Shooting the Solar Eclipse in August

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posted Friday, July 7, 2017 at 1:34 PM EST

 
 

On August 21, 2017, the full moon will orbit the Earth at just the right angle so that during the day, it will completely obscure the sun -- a solar eclipse. A solar eclipse isn't actually that rare -- it happens between two to five times per year, but because of how the moon orbits the Earth, it's not often that the eclipse is obviously viewable. The last time the United States was treated to such a good view was in 1970!

But first, our lawyers have instructed us to put a safety warning, so hear goes:

Looking directly at the sun, even when it is partially covered by the moon, can cause serious eye damage or blindness. NEVER look at a partial solar eclipse without proper eye protection.

Here is a helpful web page with advice on how to safely view the eclipse.

Now that we've got that out of the way, let's talk about how to take photographs of this once-in-a-lifetime event!

Where is the best place to view the Solar Eclipse?

The solar eclipse will be viewable, to some degree, all across North America. The absolute best place to see it will be along a path leading from Lincoln City, Oregon southeast towards Charleston, South Carolina (NASA has set up a comprehensive website including the exact path of the solar eclipse). At points along this path, you'll be able to see the moon completely obscure the sun in a moment called "totality." If you're north or south of this path, you'll still see the moon obscure the sun to some extent: the further away you are from the path, the less the sun will be obscured.

When will the Solar Eclipse begin? How long will it last?

The eclipse begins on the west coast at just after nine o'clock in the morning, Pacific Daylight Time; at this stage, the moon will start to eclipse the sun. Of course, as the moon transits towards the east, viewers will have to wait for the moon to catch up and the Earth to keep rotating: you won't see the eclipse begin on the east coast until just after 1 o'clock in the afternoon, Eastern Daylight Time. It takes several hours for the moon to transit the sun, but the critical moment -- totality, when the moon completely covers the sun -- will only last two minutes and forty seconds. And if you're not in the exact path where you will experience complete totality, this period of totality will be shorter -- viewers on the very edge of the path may observe totality for only a few seconds.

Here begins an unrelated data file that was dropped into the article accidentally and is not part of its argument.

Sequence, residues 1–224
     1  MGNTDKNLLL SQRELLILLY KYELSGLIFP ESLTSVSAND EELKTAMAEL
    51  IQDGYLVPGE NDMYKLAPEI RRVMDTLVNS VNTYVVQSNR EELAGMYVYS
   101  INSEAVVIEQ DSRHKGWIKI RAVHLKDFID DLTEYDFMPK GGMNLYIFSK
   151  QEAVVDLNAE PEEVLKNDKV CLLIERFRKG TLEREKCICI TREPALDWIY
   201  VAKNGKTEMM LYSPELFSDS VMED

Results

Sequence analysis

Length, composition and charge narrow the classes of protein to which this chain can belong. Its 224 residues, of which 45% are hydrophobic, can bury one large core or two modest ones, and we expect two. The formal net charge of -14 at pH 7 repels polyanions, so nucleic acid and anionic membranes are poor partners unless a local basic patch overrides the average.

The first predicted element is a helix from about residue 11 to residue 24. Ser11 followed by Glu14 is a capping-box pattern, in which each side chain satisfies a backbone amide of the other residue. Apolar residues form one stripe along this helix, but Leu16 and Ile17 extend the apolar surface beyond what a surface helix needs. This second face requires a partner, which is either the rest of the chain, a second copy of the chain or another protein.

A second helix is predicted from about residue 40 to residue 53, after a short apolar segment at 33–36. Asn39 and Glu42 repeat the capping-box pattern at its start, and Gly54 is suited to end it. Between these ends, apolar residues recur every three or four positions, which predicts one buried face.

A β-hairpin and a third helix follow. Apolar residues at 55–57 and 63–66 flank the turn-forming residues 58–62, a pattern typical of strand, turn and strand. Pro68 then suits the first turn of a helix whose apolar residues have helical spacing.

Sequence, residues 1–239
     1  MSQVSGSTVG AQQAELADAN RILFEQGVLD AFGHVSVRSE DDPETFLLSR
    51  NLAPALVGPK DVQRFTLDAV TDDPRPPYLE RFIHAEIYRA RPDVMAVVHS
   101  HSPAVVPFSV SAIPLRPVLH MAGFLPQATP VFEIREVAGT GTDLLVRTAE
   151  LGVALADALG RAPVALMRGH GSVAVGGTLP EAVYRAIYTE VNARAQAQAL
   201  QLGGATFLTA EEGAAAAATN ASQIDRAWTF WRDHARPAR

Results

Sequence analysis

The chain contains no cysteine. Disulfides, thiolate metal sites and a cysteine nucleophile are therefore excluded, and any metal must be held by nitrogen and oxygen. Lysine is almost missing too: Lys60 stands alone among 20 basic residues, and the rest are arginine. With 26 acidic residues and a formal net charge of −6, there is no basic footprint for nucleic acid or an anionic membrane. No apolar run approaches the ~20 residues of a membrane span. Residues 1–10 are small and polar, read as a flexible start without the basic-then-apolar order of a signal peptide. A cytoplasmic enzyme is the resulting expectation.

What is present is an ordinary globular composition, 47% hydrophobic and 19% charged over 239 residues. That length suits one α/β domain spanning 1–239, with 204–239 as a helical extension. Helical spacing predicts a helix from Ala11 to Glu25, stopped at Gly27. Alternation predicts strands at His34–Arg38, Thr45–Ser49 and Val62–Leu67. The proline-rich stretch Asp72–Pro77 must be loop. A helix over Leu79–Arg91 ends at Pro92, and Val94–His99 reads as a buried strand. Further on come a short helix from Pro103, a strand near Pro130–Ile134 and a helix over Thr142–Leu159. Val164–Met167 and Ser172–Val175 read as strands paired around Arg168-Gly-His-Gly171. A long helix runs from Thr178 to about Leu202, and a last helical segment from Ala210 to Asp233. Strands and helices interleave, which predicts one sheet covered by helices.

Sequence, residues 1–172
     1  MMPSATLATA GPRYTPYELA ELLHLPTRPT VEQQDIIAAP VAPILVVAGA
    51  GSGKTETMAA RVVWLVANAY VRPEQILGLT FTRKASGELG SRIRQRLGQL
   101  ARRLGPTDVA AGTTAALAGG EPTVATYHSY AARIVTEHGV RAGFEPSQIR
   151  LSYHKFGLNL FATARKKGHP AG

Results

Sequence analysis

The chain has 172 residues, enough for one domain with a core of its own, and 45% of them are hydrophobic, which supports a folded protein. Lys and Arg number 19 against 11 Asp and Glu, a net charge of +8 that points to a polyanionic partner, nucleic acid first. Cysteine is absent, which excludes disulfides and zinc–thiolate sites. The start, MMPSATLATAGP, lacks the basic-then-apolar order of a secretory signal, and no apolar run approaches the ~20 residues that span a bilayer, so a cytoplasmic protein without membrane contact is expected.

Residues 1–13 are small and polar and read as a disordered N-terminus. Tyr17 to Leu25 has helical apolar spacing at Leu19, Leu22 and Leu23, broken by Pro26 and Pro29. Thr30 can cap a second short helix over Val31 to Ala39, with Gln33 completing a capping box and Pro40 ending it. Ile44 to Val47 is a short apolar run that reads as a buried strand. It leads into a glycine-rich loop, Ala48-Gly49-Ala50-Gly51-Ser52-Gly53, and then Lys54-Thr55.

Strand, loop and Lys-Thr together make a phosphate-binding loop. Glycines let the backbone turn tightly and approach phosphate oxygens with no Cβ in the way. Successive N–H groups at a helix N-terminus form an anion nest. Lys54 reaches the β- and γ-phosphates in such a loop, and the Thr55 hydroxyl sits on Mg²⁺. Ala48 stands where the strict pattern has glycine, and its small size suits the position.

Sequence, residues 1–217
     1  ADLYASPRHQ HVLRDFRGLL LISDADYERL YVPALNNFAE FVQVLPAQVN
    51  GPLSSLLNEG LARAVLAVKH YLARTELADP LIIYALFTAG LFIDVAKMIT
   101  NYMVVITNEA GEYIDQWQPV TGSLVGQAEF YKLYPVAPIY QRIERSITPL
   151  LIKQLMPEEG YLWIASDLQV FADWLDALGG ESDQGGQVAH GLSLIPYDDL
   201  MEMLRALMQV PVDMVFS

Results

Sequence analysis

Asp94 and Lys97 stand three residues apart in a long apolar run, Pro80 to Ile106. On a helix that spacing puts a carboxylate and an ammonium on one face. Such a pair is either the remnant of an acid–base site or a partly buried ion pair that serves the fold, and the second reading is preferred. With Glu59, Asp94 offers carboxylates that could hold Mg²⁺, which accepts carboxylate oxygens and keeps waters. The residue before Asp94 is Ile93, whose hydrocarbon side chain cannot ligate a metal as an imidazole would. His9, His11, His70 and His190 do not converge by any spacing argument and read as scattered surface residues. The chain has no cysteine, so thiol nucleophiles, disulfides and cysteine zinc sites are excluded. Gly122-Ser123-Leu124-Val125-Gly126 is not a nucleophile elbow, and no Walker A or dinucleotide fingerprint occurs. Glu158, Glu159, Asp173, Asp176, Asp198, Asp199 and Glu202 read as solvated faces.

NASA has an excellent interactive map which will show you what you can expect to see during the day of the eclipse, depending on your location.

What do I need to take good photographs of the Solar Eclipse?

Rather than write up a whole article on the equipment you could use and the settings you might consider, we thought we would just link two excellent videos prepared by Nikon, which go into detail on what you can expect on the day:

 

So stock up on your pinhole cameras and solar shades, and get out there and enjoy the Solar Eclipse on August 21. You might not see another one for another forty years!